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Thursday, 29 November 2012

British industry in line for £1bn boost from Kuwait - Telegraph

The Foreign and Commonwealth Office said it was working with the Kuwaiti government to enhance Kuwait’s homeland security.
Under the agreement, the British Government would manage the project and award contracts to British companies on Kuwait’s behalf.
It is understood the partnership would be worth around £100m to £150m every year for the next seven years to the UK.

MENA stock markets close - November 29, 2012

 ExchangeStatus IndexChange  
 TASI (Saudi Stock Market)
 DFM (Dubai Financial Market)
 ADX (Abudhabi Securities Exchange)
 KSE (Kuwait Stock Exchange)
 BSE (Bahrain Stock Exchange)
 MSM (Muscat Securities Market)
 QE (Qatar Exchange)
 LSE (Beirut Stock Exchange)
 EGX 30 (Egypt Exchange)
 ASE (Amman Stock Exchange)
 TUNINDEX (Tunisia Stock Exchange)
 CB (Casablanca Stock Exchange)
 PSE (Palestine Securities Exchange)

Dubai Shares Advance on Emaar Mall Plan, Saudi King’s Health - Bloomberg

Dubai stocks rose the most in two months after Emaar Properties PJSC (EMAAR) said it’s expanding the world’s largest mall and amid optimism the Saudi king’s health is improving after he underwent back surgery.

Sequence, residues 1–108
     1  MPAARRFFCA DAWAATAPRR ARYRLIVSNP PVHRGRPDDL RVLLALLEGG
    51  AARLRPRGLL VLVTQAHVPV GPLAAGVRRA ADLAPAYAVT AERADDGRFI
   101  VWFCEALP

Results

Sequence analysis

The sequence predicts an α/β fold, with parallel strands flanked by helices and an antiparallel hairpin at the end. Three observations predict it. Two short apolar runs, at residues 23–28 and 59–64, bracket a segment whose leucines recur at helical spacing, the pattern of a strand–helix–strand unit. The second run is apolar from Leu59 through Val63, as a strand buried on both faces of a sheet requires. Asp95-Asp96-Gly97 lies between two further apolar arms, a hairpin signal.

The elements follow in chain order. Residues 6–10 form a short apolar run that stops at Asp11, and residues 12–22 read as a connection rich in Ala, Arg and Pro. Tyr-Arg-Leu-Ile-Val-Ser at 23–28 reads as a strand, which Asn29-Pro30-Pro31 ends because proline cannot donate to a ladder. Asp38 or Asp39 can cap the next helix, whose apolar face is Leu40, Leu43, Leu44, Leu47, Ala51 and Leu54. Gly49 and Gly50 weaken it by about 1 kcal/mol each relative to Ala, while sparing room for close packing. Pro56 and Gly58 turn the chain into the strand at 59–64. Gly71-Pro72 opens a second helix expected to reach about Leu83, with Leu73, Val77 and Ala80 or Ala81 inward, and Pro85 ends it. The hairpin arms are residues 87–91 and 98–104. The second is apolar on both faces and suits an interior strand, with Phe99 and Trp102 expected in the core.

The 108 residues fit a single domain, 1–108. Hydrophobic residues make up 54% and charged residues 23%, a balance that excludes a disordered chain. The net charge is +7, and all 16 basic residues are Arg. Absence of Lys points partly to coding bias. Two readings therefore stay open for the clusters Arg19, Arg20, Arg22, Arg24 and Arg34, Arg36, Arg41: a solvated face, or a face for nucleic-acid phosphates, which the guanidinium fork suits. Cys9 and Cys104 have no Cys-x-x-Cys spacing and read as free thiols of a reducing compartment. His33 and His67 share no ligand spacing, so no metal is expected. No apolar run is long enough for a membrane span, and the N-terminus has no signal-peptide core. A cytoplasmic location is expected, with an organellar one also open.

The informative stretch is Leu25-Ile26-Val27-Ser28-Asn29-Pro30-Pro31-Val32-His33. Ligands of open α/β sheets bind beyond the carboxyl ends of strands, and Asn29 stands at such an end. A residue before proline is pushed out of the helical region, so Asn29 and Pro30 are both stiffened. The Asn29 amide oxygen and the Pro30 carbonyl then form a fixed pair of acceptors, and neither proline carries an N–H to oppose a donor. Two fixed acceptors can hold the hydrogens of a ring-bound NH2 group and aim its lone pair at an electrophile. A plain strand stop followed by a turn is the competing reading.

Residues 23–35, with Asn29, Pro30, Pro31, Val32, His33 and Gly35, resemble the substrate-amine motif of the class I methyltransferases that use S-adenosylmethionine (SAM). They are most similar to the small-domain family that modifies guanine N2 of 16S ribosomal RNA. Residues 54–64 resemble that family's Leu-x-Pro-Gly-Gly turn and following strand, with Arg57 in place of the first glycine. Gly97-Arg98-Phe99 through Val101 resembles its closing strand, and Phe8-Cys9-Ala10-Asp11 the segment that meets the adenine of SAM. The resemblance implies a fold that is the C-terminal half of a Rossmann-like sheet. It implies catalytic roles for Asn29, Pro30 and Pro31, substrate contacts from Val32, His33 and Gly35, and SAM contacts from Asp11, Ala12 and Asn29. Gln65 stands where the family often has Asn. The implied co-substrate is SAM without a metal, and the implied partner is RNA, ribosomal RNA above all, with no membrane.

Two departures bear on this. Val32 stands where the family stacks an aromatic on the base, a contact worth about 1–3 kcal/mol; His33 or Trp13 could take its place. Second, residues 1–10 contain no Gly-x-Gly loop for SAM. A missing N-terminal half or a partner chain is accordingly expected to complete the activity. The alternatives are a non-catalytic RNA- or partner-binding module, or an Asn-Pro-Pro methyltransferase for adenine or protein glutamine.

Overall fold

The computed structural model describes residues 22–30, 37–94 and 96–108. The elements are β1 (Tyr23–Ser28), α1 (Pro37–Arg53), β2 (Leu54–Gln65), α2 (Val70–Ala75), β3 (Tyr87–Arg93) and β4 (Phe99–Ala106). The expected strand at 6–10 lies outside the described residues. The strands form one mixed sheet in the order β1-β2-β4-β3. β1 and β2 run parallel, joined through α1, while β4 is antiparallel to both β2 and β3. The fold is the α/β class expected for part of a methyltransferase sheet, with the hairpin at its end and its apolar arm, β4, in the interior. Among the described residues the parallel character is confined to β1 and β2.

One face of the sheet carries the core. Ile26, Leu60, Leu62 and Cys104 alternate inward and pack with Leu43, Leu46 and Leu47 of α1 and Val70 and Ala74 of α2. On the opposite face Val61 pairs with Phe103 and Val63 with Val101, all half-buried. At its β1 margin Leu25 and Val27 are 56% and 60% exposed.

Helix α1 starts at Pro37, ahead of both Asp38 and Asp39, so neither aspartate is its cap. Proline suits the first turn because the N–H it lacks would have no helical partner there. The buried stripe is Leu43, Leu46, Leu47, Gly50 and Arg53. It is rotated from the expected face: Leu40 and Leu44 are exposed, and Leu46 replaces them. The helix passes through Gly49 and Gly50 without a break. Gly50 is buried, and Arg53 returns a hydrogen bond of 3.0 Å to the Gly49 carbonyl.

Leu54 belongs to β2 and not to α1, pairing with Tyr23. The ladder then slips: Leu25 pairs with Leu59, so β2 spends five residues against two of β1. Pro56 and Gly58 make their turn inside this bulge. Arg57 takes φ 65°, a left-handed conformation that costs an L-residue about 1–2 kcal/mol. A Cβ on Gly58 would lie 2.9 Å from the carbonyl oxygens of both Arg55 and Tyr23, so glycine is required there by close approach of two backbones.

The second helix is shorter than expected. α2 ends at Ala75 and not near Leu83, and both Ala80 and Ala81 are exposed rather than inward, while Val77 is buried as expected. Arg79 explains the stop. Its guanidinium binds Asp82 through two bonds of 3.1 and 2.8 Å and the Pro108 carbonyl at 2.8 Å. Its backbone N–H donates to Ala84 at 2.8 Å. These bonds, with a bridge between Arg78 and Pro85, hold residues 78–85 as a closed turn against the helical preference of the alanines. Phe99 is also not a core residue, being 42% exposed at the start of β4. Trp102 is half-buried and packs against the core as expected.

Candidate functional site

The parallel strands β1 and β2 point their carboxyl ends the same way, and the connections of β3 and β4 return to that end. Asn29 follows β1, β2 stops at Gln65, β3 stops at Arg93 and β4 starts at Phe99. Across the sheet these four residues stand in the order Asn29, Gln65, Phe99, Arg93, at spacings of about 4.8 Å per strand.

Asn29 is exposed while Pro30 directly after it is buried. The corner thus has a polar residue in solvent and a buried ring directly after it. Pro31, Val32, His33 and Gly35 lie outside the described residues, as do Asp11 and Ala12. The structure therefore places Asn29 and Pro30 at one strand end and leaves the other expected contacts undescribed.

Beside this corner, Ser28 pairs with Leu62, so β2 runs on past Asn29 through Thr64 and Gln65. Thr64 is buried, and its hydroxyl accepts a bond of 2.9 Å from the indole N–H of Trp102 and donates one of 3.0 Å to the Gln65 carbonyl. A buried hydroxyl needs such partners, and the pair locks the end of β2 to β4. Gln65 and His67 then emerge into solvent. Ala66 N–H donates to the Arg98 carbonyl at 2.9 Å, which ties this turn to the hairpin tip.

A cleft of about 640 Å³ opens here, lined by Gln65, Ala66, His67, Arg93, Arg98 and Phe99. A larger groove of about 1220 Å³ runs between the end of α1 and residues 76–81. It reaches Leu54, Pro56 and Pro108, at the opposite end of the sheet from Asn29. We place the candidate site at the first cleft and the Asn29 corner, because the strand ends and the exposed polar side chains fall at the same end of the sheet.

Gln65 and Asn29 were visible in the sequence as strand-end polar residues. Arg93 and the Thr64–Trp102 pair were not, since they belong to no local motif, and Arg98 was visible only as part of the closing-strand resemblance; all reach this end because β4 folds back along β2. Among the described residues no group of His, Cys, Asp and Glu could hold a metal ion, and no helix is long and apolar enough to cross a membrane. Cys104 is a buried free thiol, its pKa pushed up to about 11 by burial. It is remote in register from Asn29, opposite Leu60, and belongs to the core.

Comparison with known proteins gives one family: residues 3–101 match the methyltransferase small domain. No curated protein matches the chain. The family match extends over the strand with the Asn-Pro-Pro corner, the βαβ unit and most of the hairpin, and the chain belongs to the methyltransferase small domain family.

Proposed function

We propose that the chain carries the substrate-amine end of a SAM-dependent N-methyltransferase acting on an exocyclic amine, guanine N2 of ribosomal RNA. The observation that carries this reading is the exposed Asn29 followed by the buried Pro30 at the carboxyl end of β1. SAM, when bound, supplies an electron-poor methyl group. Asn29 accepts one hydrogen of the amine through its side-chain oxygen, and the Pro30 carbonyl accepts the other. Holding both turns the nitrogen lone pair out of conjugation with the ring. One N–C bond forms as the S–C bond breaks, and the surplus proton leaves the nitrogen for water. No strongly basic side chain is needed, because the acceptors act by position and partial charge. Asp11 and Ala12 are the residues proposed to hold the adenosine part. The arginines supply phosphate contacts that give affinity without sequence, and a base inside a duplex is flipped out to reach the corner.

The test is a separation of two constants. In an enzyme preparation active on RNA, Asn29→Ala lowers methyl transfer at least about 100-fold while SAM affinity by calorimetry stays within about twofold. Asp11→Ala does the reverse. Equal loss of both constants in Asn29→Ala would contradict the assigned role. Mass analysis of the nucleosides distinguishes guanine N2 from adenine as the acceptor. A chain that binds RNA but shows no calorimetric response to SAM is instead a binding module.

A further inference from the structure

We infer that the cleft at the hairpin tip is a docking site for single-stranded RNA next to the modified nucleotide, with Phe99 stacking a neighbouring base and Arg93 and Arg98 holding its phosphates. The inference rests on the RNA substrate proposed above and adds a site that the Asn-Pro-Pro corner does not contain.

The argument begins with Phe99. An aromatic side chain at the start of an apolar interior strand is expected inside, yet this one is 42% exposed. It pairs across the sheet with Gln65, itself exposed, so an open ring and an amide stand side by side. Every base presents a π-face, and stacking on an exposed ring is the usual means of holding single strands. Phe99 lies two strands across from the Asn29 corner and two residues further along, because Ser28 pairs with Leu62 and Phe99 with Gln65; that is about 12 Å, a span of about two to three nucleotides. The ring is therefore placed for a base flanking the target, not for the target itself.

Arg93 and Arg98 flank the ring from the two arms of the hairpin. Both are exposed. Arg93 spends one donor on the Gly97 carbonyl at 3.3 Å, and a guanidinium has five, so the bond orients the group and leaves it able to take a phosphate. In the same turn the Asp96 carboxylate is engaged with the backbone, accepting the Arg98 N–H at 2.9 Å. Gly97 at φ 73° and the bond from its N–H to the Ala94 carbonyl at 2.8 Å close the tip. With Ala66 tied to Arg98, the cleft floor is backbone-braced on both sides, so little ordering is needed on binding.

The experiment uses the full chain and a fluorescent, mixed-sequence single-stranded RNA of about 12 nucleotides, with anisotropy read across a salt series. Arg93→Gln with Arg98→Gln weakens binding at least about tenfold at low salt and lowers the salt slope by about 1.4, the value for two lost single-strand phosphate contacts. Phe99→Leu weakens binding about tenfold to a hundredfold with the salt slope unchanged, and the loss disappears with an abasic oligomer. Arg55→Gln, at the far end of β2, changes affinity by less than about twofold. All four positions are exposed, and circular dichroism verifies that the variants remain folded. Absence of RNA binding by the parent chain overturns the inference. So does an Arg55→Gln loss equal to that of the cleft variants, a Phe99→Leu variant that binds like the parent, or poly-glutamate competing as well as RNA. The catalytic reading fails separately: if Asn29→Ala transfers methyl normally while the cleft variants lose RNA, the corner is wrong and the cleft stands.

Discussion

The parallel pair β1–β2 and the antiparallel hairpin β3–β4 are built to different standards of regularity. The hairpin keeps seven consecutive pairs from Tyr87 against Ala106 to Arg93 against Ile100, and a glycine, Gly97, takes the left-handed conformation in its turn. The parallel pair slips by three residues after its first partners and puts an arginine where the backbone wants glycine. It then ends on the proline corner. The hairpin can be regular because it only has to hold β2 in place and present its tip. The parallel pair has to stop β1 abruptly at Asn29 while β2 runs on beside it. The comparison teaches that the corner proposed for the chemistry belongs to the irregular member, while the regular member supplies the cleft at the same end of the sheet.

Emaar, developer of the world’s tallest skyscraper, gained 1.6 percent after saying it will add a new shopping boulevard, residences and hotels to the Dubai Mall. Arabtec Holding Co. (ARTC), the United Arab Emirates’ biggest publicly traded construction company, advanced the most in a week. The DFM General Index (DFMGI) climbed 1.2 percent, the biggest gain since Oct. 1, to 1,607.90 at the 2 p.m. close in Dubai, trimming this month’s decline to 0.7 percent. Dubai’s market will close beginning Dec. 2 for a two-day national holiday.
Emaar rallied to a one-month high on Nov. 25 after Dubai’s government said the company will help build a district called “Mohammed Bin Rashid City,” named after the emirate’s ruler, a plan that includes a mall surpassing the Dubai Mall in size.

STOCKS NEWS MIDEAST-Dubai stocks rise, trimming monthly losses - Yahoo! News